What are the benefits of exercise in early pregnancy?
Exercise is good for you throughout pregnancy, as long as you do not overdo things. It will give you more energy and will keep you strong and supple, which will help you through pregnancy and during labour and birth.
If you are a regular exerciser, you will already be more toned and have greater endurance, and this too will help you later on. Your blood volume increases if you exercise and you boost circulation and oxygen levels, and this helps to promote fetal growth.
In addition, exercise helps make you feel more positive and prevents depression as natural mood-enhancing chemicals called endorphins are released in the brain.
: Since I discovered I was pregnant, I’ve been feeling very anxious and stressed at work. What can I do to make things better pregnancy?
You are probably feeling a little overwhelmed by everything and this is not uncommon, particularly as you make adjustments to your life in the early stages of pregnancy. Build time into each day for relaxation and breathing exercises and make going to bed early a priority. This will help you to regain a sense of control. If you feel up to it, light exercise can also help to relieve stress and tension – try to make sure you leave the office at lunchtime and go for a walk.
Carol has just reached the end of the first trimester of her first pregnancy. She became pregnant after trying to conceive for 14 months.
Carol I wasn’t expecting to feel anxious when my pregnancy test proved positive – I had always assumed I would just be ecstatically happy when that happened. But after the initial excitement wore off I found I began to worry and I became very aware of every twinge, ache, and pain I felt.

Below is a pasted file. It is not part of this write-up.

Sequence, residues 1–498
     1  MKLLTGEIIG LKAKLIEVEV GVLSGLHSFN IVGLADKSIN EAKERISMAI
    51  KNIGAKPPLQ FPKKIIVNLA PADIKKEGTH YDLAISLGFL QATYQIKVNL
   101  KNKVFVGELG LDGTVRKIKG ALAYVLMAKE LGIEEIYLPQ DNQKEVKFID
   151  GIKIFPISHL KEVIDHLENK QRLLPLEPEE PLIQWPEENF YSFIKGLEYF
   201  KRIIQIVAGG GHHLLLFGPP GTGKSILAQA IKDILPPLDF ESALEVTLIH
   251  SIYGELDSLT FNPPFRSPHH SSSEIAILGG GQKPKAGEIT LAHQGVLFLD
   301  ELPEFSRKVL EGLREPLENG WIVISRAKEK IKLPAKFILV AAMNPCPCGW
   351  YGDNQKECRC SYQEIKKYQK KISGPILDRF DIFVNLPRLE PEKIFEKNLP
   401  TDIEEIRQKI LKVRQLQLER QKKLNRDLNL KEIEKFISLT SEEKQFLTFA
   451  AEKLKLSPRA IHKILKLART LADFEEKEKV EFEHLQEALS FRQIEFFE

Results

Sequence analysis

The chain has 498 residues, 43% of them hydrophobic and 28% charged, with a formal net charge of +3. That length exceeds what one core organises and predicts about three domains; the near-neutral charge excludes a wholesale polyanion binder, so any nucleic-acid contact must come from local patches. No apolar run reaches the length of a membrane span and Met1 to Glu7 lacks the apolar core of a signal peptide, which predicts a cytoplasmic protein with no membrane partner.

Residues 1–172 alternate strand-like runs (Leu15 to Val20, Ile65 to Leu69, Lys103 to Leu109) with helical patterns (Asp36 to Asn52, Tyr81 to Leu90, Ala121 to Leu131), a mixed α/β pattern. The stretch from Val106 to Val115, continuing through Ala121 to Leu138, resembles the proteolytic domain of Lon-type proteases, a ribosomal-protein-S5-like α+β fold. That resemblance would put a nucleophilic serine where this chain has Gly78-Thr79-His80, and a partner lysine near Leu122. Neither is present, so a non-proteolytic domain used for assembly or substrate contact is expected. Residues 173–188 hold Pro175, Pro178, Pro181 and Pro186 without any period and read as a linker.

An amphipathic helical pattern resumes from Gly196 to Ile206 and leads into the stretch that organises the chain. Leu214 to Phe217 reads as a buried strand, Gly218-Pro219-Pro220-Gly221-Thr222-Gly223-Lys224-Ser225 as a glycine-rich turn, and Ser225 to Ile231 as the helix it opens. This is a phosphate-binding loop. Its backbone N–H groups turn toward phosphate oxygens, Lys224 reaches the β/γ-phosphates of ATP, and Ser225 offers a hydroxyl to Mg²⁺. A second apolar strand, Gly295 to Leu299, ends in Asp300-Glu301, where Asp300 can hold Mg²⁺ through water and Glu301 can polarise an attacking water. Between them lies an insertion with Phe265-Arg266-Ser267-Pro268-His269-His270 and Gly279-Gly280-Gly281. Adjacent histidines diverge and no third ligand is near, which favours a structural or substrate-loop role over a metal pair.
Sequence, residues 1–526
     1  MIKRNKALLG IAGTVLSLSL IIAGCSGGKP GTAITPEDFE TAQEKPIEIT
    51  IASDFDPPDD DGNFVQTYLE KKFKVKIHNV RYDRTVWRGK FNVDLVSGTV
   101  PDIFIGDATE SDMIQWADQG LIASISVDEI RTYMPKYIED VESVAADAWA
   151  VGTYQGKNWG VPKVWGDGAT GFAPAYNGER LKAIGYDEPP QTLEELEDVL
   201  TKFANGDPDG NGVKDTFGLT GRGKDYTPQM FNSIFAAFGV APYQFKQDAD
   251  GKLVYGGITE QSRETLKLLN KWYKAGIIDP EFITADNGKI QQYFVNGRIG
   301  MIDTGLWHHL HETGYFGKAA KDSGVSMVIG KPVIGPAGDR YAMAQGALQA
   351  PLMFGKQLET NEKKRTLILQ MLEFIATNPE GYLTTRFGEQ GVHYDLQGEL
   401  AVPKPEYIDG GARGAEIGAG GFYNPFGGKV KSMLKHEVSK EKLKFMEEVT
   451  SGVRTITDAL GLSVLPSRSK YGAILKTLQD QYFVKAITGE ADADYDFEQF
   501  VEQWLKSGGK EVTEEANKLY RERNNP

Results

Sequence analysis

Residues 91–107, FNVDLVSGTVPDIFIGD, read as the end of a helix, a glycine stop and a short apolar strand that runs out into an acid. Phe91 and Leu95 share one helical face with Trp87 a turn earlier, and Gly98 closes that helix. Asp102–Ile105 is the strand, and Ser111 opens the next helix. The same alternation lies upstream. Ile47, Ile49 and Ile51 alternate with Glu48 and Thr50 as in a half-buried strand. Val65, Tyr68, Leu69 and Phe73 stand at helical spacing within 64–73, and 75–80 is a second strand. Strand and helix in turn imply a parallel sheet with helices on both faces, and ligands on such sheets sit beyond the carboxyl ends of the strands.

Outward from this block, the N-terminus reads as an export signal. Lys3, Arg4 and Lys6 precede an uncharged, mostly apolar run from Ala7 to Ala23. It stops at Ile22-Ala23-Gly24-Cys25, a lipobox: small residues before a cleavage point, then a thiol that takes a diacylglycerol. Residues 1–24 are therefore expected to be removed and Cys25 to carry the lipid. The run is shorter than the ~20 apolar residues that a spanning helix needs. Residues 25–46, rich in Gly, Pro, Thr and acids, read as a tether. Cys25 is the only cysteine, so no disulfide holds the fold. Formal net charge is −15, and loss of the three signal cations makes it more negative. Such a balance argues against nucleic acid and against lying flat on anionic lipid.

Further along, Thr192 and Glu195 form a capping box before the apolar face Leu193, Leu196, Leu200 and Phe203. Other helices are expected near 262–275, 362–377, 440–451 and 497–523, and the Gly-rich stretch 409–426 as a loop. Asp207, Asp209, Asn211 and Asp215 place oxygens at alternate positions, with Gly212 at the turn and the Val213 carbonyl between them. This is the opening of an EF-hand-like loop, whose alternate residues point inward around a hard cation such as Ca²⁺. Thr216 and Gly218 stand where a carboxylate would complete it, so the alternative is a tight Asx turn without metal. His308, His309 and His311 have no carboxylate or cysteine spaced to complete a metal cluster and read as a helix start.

I then started to have some spotting, which totally panicked me.
My job is very busy and involves a lot of driving, but I didn’t want to have to tell my boss I was pregnant because it was still very early days. I was so relieved when I could go and see Anita O’Neill at the Zita West Clinic for an early pregnancy consultation. She helped me to work out a plan of action and that helped me to feel more in control. She also arranged an early scan and this reassured me that all was well. I started to relax a little.
After the scan, I had a chat with my boss and we agreed I should cut back on the amount of driving I was doing. I have also been learning some breathing techniques, which help me to cope when I feel worried. At last, I feel I am really beginning to connect with my baby.
I have now passed the all-important 12-week milestone and have started to tell my family, friends, and more of my colleagues. It’s been a long journey and I still have some way to go but I’m beginning to believe that I am going to be a mum.
When pregnancy finally happens it can be very scary. Seek reassurance and do all you can to make sure you stay relaxed and enjoy each stage.